Some of these symptoms can easily be explained away as sleep deprivation. A large chunk of workers and students just don't get enough sleep and feel like shit all week. Then on the weekends when they sleep in, and also happen to be away from the wifi, they will of course feel better. They see the pattern, but connect the wrong dots.
The nocebo effect is a stronger explanation because it matches the actual observed behaviour in blind tests, where people will develop symptom within a short time of being in the same room as a wifi router. The significant difference is that they know that a wifi router is in the room with them, which causes them to expect symptoms they've convinced themselves are related to wireless radio signals and because they expect them they experience them. This happens whether the router is powered on or not.

It's the same as people on controlled drug trials reporting the side effects of the drug when they were actually on the placebo pill. They've been told "you are getting medicine with these side effects" so they get the side effects they expect.

The symptoms they experience are real, and specific to that situation not general as a result of being stressed or tired, but they aren't caused by radiowaves.

User avatar
FancyDarcy
Redshirt
Posts: 40
Joined: 2017-06-05 11:49pm

Re: Is there real evidence of laptops, wifi/Bluetooth headphones and cell phones of emitting dangerous radiation?

Post by FancyDarcy » 2017-10-25 01:58pm

What about laptop RF radiation? I've heard some people say that the reason it is recommended to hold laptops not actually on your lap is because of the radiation emitting from it, but I've also heard other people say this is because the bottom of laptops sometimes get quite warm. Maybe broth?

Are there known long-term health effects of having a laptop on your lap?

BT headphones are also actually known to warm up the flesh, do you think they could do that harmfully? People have said to me that you're supposed to only wear BT headphones for an hour or so, because if you wear them too long, the brain (near the head) will heat up too much and then you will die.

I've also heard the same people tell me about the well-known dangers of being close to fire alarms, microwaves and CRT monitors, especially older models. When I was growing up, my parents used an older microwave and they would always warn me not to stand too close to the microwave when it was on or even bee in the same room as it. The unit itself was about 10 years old then, so not exactly ancient. I mean, I guess it could be possible for a small amount of radiation to leak out of it?

I wonder about high-powered BT devices. I've always longed to grab some of those Class 1 100 meter range BT transmitters for a pair of headphones so I could roam long distances away from the computer, but I've never been able to afford them. I first noticed them when I saw the Plantronics BackBeat Pro headset which has inbuilt support for it.

User avatar
Vendetta
Emperor's Hand
Posts: 10447
Joined: 2002-07-07 04:57pm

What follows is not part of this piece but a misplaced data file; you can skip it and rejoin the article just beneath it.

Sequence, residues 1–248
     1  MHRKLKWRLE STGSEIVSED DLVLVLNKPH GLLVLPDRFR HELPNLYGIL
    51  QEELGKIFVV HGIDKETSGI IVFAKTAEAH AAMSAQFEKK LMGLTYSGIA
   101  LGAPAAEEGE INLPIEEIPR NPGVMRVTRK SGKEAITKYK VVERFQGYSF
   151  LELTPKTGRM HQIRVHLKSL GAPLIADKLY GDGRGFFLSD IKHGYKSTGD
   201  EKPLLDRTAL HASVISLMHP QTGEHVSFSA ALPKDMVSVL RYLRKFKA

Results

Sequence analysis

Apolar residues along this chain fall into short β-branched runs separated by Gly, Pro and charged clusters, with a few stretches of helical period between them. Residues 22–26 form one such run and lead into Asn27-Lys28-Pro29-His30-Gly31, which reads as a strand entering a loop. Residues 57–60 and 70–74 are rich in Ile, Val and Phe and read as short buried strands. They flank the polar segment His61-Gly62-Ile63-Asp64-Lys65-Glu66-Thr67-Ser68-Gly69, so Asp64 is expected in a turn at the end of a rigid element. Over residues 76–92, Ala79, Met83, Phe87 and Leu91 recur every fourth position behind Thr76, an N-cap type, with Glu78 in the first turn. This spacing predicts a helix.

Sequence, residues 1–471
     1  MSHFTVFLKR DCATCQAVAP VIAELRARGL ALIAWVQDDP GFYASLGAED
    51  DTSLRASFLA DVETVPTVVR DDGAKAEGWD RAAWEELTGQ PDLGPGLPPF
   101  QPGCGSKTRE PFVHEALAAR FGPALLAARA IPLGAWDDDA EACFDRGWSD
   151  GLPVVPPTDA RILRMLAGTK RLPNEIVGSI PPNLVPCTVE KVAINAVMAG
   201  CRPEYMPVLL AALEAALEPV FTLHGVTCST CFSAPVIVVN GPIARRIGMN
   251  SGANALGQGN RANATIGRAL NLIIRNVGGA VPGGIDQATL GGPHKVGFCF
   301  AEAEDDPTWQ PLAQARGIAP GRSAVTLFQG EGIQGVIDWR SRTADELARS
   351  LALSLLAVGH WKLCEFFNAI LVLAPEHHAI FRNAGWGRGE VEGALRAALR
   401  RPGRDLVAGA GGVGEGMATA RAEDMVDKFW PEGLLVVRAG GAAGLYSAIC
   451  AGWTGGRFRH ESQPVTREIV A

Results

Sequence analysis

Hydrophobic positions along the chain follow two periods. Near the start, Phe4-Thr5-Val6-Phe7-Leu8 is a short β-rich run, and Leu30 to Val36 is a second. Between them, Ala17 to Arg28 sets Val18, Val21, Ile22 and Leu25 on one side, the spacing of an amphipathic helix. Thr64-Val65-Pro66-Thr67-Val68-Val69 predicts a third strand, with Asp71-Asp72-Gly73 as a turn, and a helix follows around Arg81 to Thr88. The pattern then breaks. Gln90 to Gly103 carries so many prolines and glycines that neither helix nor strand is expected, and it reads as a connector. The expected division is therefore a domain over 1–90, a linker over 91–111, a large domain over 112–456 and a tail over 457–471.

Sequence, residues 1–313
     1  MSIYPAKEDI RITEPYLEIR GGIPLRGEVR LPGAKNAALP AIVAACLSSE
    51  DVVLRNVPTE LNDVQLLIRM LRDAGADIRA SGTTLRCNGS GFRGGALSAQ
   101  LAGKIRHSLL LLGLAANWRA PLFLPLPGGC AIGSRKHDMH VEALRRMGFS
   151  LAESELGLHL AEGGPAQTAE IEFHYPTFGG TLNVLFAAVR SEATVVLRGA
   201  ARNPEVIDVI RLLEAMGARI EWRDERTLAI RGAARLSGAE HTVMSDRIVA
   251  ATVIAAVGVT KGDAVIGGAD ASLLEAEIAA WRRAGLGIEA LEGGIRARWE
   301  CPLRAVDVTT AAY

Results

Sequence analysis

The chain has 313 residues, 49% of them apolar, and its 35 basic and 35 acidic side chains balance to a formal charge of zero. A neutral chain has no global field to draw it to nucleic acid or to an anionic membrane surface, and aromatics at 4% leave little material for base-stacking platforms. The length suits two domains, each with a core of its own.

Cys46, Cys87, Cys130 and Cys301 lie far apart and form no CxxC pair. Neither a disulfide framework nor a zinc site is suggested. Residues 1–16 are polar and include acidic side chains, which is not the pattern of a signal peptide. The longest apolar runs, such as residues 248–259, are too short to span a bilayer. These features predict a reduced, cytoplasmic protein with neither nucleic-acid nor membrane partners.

Location: Sheffield, UK

Re: Is there real evidence of laptops, wifi/Bluetooth headphones and cell phones of emitting dangerous radiation?

Post by Vendetta » 2017-10-25 02:14pm

FancyDarcy wrote:
2017-10-25 01:58pm
What about laptop RF radiation? I've heard some people say that the reason it is recommended to hold laptops not actually on your lap is because of the radiation emitting from it, but I've also heard other people say this is because the bottom of laptops sometimes get quite warm. Maybe broth?
The reason it's not reccommended to use laptop on your lap is that usually the air intakes are on the bottom and cloth like your trousers or skirt will prevent airflow. The long term effects is that your CPU fan will wear out faster and probably pull in lint and dust from your clothes.

User avatar
Zaune
Sith Acolyte
Posts: 6071
Joined: 2010-06-21 11:05am
Location: In Transit
Contact:

Re: Is there real evidence of laptops, wifi/Bluetooth headphones and cell phones of emitting dangerous radiation?

Post by Zaune » 2017-10-25 02:21pm

Hoo boy... Let's do this in order, shall we?

The reason you don't take the name "laptop" literally is that all the exhaust fans are on the bottom. Unless they're on a hard surface where the little rubber feet won't sink in, this will result in the laptop being unable to cool properly. In neither case is there any actual health hazard, though I dare say some of the higher-end gaming laptops could get hot enough to be uncomfortable and bad for your sperm count. The only "radiation" they're emitting except from the wifi aerial is the light from the screen and the heat coming out of the fan exhausts.

As for the other stuff, the only way for a microwave oven to be dangerous is if you're stupid enough to punch a hole in it or otherwise bypass the various built-in safety features. CRT monitors are only dangerous if you dismantle them without taking precautions to safely discharge any remaining static, which genuinely can be lethal but again, you have to deliberately ignore a number of safety warnings and void the warranty to put yourself in that position in the first place. As for smoke alarms, unless you buy several hundred of them and try to build a nuclear reactor in your shed, the only way for the radioactive material they contain to be hazardous is if you crush it up and snort it. Noticing a pattern here?

I would give the high-powered bluetooth transmitter idea a miss, though. Not because of any potential radiation hazard, but because if you want to use your desktop PC as a stereo system you could almost certainly get a really good speakers-and-subwoofer set for the same money.
There are hardly any excesses of the most crazed psychopath that cannot easily be duplicated by a normal kindly family man who just comes in to work every day and has a job to do.
-- (Terry Pratchett, Small Gods)


Replace "ginger" with "n*gger," and suddenly it become a lot less funny, doesn't it?
-- fgalkin


Like my writing? Tip me on Patreon

I Have A Blog

User avatar